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Plantwise Technical Factsheet

fly, wheat bulb (Delia coarctata)

Host plants / species affected
Agropyron (wheatgrass)
Elymus (wildrye)
Elymus repens (quackgrass)
Hordeum vulgare (barley)
Secale cereale (rye)
Triticum aestivum (wheat)
List of symptoms/signs
Growing point  -  internal feeding; boring
Stems  -  dead heart
Stems  -  internal feeding
Symptoms
Dead heart caused by the larvae boring into seedlings. Larvae develop in the central shoot, kill the growing point and then move to another plant (Ferrar, 1987; Smith, 1989; Griffiths, 1992).
Prevention and control

Cultural Control

Hill (1987) noted that in theory crop rotation should control D. coarctata by avoiding sowing winter wheat after fallow or root crops (including legume crops). However, this is not always practical as winter wheat is often the most suitable crop to sow after early-harvested crops. Young and Talbot (1996) found that fallow soils cultivated to produce a smooth tilth before the July-August oviposition period had fewer eggs laid in them than rough ploughed soils. Similarly, Kaack et al. (1989) found females had a strong preference for laying eggs in crops with a high leaf area index or coarse clodded fallow.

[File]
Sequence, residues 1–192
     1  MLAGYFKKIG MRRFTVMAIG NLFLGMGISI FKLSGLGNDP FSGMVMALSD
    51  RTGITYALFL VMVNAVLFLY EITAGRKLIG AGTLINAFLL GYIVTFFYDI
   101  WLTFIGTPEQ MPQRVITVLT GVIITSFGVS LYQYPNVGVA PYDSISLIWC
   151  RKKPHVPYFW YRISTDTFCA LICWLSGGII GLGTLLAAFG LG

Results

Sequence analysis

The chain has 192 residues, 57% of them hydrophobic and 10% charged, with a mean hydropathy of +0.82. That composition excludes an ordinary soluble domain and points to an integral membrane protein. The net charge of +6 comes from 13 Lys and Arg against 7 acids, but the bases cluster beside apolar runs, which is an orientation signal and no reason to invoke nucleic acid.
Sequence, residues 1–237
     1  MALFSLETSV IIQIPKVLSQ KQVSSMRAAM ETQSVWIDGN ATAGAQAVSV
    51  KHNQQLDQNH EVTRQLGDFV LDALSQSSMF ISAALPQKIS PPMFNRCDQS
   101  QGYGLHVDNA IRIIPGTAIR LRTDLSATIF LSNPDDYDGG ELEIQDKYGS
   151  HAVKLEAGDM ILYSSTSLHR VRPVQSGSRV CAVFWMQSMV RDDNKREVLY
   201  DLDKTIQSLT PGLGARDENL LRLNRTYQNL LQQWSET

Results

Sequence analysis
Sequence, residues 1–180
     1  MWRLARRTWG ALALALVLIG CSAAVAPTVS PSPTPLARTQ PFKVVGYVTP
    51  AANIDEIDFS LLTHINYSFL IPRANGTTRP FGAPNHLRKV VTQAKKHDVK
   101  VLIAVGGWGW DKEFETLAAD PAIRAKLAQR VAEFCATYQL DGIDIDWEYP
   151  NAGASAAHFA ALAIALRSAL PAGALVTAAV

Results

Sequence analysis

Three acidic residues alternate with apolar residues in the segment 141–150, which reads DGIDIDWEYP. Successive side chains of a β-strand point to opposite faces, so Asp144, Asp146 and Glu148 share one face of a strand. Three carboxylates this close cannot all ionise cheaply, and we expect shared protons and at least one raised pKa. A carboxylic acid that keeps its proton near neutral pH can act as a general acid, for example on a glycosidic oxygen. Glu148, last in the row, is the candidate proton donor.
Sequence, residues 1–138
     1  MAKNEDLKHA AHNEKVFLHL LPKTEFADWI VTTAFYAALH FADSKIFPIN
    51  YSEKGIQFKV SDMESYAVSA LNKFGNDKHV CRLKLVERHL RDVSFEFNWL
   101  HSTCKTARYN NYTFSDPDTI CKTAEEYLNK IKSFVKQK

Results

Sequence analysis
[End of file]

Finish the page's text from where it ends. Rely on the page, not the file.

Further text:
Scott and Greenway (1984) found that activated charcoal interfered with host seeking by young larvae, noting that charcoal in the soil above the level of the seeds reduced attack, although this does not appear to have been applied as part of a control strategy.

Chemical Control

Due to the variable regulations around (de-)registration of pesticides, we are for the moment not including any specific chemical control recommendations. For further information, we recommend you visit the following resources:


Impact
D. coarctata is probably the most serious pest of winter wheat in many areas of Europe, for example, Gair (1985) noted its prime importance in the UK. However, it is not usually a problem for spring cereals (Hill, 1987). The introduction of rotational set-aside in the UK has created ideal oviposition sites, and this threat is likely to strengthen the need to investigate alternative control measures (Young and Ellis, 1996).

Liu et al. (1987) reported losses of up to 50% in Ningxia, China, during 1982-86.

Crop damage has not been reported in North America, although the fly appears to be spreading as the geographic range of couch grass (Elymus repens) expands (Griffiths, 1992).
Related treatment support
 
External factsheets
Bayer CropScience Crop Compendium, Bayer CropScience, English language
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